So I guess quick introductions are in order, my name is Adele Richards, I’m 20 years old and have been dabbling in triathlon for 8 years now.. Sounds like I’m confessing to a group therapy class. I came across to triathlon from spending 7 years in surf lifesaving looking for something new and challenging.
I’ve been training under Team Break Your Limits which is owned and run by Ray Lampard and coached by Bill Scanlan based in Perth, WA for nearly a year now. I’ve had my fair share of injuries over the past two years; coming out the better end of it all now thanks to the help from Bill and Ray. Being an athlete you’re always exposed to injury, growing up in triathlon can be hard on your body when you’re not training right. I always understood how to train and work hard but underestimated the benefits of recovering with as much effort I put into training. Having had two stress reactions to both femurs I’ve had a lot of strength and building to do, it has definitely shaped and prepared me for what’s to come this season and further in the future. I began the first program for the season just three weeks ago. I had planned to race the Melbourne 10km at the Melbourne marathon festival on the 8th of October.
One week out from the race I was only in my second week of my program, after one hard and enjoyable week (that I had been waiting for so long to start) I was already on a taper for the race. This was painful, I never enjoy taper week; the one thing you want to be doing before a race is getting in any last work you can do – although we all know the work has to be done prior to this ‘taper’ period. So, I wasn’t feeling confident at all...with one week’s preparation. Feeling exhausted would have to be my favourite feeling, so having all this energy made me feel lazy! Jumping off a Red eye flight to Melbourne on the Thursday before the race, arriving at 7:30 local time I was excited to be off that plane! Feeling sleepy, heavy and stiff we spent the whole day walking around the city – being a girl…never having been to Melbourne I had plenty of shopping to be doing. Feeling surprisingly fresh after all the walking, we headed down to the botanical gardens for an easy run to get the legs moving, I’ve never seen so many runners/walkers in one place that hasn’t been a race…is there an event on here??
Day 3, the day before the race, I had decided that I was feeling terrible and if I didn’t run well the following day its ok because I’m only in the second week of the program and at least I got a holiday out of it! But of course, you don’t give up that easy…as much as you try to talk yourself out of something you know on the day you’ll go out and give 100%.
So here we are morning of the race, feeling sluggish after too much awesome Melbourne food the night before; now I’m really doubting a good race result. But nothing that caffeine gels can’t fix though right? After a fast warm up I was feeling pumped as always at a big event, now it was time to find a spot at the start line…or as close as I could get. Slipping past people as close as I could get to start I was sussing out the other runners, I don’t think you’ll see a wider range of people than at a running race – this can be quite entertaining…fake tan, Dunlop’s, headbands, short shorts…men in short shorts, hairy and shaved you see it all. Having found a spot fairly close to the start, still 50metres back I was happy enough; after all I didn’t have high expectations of myself. Two minutes before the horn goes, people get anxious, old ladies, old men and children start to push in front and I was thinking here we go again another slow start to a race.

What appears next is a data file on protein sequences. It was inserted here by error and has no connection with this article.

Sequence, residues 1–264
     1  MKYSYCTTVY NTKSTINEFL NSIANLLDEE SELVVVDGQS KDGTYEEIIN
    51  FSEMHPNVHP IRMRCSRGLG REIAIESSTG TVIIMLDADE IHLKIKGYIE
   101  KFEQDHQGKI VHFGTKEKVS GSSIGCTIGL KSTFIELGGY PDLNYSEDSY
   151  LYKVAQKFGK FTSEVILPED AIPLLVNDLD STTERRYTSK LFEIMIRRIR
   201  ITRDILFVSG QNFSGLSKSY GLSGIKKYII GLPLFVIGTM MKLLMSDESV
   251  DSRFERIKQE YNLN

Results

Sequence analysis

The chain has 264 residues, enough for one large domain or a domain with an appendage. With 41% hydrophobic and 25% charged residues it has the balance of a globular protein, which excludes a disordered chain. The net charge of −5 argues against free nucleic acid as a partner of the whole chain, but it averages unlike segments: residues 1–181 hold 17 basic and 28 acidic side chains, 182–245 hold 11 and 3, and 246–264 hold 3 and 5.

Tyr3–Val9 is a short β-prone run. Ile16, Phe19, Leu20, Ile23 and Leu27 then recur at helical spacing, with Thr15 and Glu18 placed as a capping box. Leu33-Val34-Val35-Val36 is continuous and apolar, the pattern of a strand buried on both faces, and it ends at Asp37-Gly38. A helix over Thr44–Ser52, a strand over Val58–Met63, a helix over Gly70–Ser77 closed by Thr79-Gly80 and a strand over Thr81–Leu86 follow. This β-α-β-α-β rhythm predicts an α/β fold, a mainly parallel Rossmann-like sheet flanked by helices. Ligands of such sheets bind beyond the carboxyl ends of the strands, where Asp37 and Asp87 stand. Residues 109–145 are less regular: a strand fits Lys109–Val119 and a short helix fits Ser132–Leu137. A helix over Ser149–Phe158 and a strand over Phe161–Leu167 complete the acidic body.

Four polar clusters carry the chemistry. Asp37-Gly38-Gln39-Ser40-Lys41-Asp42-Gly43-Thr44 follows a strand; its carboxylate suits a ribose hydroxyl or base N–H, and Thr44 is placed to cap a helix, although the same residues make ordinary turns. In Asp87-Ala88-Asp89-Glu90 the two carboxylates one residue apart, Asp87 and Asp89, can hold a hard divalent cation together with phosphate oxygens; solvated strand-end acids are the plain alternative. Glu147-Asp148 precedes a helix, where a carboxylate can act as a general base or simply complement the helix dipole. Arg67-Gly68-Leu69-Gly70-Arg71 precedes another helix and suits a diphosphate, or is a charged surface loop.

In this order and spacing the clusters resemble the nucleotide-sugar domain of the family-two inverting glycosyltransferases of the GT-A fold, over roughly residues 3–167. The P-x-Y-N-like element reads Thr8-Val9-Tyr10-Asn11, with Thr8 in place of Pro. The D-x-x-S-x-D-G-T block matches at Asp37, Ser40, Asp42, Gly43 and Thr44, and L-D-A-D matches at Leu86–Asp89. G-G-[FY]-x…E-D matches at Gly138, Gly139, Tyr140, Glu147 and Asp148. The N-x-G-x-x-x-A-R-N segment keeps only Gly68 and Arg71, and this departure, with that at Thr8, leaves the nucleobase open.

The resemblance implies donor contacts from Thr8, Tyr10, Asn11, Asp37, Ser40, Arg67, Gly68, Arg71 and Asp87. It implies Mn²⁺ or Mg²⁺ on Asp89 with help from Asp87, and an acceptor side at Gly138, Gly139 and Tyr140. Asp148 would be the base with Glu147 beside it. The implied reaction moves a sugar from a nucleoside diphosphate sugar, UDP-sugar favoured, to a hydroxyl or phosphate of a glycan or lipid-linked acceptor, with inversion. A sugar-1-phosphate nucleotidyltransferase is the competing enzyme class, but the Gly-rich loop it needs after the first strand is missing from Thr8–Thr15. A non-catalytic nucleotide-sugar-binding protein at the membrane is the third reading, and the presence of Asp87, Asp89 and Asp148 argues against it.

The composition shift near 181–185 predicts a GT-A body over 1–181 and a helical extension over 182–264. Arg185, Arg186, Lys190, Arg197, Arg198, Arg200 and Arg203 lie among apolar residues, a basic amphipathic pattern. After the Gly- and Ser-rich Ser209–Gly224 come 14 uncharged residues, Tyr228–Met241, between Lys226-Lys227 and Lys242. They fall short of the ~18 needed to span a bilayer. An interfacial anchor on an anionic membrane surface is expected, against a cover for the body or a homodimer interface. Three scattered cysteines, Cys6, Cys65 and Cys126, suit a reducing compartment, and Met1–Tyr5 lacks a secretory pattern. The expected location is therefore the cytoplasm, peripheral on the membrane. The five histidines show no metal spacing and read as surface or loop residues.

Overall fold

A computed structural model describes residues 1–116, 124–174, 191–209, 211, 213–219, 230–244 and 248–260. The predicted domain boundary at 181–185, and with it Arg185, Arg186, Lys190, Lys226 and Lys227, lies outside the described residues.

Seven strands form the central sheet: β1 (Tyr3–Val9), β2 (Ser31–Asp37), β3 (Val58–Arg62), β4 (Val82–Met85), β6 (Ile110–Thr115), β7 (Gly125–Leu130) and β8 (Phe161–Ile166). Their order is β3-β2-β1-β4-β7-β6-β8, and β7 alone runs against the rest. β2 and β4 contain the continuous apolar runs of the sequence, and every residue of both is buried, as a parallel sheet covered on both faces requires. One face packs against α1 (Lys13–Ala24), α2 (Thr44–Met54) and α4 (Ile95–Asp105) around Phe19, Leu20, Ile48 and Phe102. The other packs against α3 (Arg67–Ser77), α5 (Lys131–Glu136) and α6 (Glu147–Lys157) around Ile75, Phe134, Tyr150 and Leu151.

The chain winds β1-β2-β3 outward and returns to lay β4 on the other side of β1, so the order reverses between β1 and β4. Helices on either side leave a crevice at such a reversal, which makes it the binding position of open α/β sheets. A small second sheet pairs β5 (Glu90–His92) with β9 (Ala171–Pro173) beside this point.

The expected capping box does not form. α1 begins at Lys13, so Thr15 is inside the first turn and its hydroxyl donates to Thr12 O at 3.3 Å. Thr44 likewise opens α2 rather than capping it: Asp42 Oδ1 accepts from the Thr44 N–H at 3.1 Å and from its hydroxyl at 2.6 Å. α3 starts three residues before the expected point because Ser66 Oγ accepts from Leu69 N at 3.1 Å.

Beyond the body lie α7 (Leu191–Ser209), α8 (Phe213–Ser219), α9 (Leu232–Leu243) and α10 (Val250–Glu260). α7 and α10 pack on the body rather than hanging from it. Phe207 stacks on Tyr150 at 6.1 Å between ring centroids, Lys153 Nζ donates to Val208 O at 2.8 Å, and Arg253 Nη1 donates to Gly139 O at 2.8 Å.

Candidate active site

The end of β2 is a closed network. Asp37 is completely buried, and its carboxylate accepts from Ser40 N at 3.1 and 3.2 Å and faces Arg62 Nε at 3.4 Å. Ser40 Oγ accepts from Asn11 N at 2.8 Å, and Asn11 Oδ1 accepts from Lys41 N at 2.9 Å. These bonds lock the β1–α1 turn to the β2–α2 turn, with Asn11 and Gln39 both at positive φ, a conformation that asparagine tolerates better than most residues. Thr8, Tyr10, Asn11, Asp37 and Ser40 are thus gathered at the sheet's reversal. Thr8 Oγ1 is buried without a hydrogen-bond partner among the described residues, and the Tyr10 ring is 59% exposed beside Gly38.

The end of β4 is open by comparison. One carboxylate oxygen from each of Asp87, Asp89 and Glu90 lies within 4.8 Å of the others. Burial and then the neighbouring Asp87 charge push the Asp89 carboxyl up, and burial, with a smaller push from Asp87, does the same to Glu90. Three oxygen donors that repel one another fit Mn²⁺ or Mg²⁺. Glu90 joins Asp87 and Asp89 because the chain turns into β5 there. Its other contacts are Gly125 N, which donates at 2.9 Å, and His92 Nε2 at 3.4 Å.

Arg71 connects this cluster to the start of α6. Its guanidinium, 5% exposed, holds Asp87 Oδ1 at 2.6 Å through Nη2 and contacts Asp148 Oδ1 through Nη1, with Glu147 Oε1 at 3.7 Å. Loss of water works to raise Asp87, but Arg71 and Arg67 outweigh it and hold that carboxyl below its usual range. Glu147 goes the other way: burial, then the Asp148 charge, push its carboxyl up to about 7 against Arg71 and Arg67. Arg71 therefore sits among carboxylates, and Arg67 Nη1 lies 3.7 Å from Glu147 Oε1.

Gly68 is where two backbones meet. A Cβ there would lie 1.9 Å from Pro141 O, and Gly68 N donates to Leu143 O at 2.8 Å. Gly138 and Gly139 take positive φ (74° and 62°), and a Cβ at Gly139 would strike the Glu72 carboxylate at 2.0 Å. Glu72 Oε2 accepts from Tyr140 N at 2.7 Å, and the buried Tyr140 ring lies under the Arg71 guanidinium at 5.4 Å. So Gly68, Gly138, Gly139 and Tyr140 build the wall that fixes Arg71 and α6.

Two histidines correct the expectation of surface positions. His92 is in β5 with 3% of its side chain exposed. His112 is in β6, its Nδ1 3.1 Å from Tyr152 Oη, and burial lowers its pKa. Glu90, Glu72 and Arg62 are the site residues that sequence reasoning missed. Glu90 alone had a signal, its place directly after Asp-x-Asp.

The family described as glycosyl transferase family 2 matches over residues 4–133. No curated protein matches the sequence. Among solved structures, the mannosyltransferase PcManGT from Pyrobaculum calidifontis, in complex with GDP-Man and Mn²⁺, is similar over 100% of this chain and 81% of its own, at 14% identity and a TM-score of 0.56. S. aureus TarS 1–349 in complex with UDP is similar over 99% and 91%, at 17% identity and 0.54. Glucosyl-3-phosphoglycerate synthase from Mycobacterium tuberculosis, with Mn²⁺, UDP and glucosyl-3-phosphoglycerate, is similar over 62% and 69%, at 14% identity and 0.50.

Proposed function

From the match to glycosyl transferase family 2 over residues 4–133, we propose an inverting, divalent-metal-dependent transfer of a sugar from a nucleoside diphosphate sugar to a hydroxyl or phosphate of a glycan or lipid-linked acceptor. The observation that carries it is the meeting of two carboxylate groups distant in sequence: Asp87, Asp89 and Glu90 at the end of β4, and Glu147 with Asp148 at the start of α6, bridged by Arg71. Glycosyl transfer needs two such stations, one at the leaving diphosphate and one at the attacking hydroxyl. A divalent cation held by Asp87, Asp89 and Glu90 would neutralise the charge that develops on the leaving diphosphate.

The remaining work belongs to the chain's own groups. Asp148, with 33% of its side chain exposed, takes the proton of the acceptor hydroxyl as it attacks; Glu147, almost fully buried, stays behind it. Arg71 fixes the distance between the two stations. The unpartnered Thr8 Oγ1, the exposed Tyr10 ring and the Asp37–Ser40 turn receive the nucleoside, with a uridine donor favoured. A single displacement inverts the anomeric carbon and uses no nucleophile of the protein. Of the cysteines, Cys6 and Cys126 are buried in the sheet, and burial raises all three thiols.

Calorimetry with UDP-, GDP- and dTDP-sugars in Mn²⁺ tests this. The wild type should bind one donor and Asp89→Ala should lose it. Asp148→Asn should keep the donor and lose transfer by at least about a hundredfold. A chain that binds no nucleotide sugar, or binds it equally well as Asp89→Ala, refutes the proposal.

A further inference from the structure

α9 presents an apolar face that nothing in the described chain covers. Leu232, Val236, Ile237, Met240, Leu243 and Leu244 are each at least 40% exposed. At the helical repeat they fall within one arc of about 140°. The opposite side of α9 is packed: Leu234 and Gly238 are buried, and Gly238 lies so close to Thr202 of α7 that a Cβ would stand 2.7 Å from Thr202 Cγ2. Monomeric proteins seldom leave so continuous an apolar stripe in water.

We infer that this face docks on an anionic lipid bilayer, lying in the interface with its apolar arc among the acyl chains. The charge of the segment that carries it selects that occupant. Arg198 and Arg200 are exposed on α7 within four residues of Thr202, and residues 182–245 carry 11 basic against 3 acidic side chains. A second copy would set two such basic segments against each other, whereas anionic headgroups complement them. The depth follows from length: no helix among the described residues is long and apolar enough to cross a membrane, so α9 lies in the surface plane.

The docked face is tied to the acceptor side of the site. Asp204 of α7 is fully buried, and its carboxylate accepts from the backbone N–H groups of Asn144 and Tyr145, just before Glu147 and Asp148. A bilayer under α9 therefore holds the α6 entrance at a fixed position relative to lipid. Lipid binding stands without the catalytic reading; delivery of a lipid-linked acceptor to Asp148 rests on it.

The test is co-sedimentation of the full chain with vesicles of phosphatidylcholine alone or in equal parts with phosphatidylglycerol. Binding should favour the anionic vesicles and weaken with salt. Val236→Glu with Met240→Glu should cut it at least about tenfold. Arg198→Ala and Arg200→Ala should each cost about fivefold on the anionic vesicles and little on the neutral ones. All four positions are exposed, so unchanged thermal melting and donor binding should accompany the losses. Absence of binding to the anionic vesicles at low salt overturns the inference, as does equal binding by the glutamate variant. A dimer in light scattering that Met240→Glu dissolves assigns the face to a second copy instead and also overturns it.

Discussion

So I spend the first 2kms passing all the people that pushed to the front that should have been back with my Nanna walking her dog. But that’s ok this just adds some extra adrenalin and motivation to get as close to the front as possible. The course was great, so much to look at and fast. I was feeling slow and discouraged as I look down at the Garmin and the average pace said a horrible 4.45 per km. surely not right? Definitely not…
I settled in, found a rhythm and held that max effort, I went through the first 5km in under 20 minutes. Which I was pretty happy and surprised with as I was not expecting to be feeling as comfortable as I was! It felt great to go out and smash 10kms, felt like such a long time since I had been able to do that. Two km’s from the finish running up toward the MCG I was chasing down a young boy, as I passed he said ‘C’mon lets go’ and pushed up the last hill leaving me in his tracks, I’ve always been a sucker on the hills. Determined to get him back again, passing on the downhill – my turn to share some encouragement, I left him behind ha-ha.
The last kilometre, the hardest of them all; after gaining some extra motivation I pick up the pace and put in everything I have. There is nothing I fear more than the feeling of regret from not putting in enough effort at the end of the race; I know well how much I would beat myself up for it. So in the last 400 metres I look down at my watch, I have never felt so happy and been in so much pain at the end of a race before. Pushing those legs to the finish line burnt like crazy but I couldn’t help but laugh out loud, I must have looked crazy… Achieving a time I never had expected at this stage of the year, I was so happy - I finished the race in 40 minutes and 55 seconds, 19th female overall. I couldn’t have hoped for a better result being in the second week of my program. This is great motivation for the season ahead, I’m ready for a lot of hard work and a terrible bike shorts/high socks tan.
In conclusion, thanks Bill and I will definitely trust you in the future – when your told to taper…you taper! Another thanks to Triathlon tribe for providing me with this opportunity!
Until next time, see you out there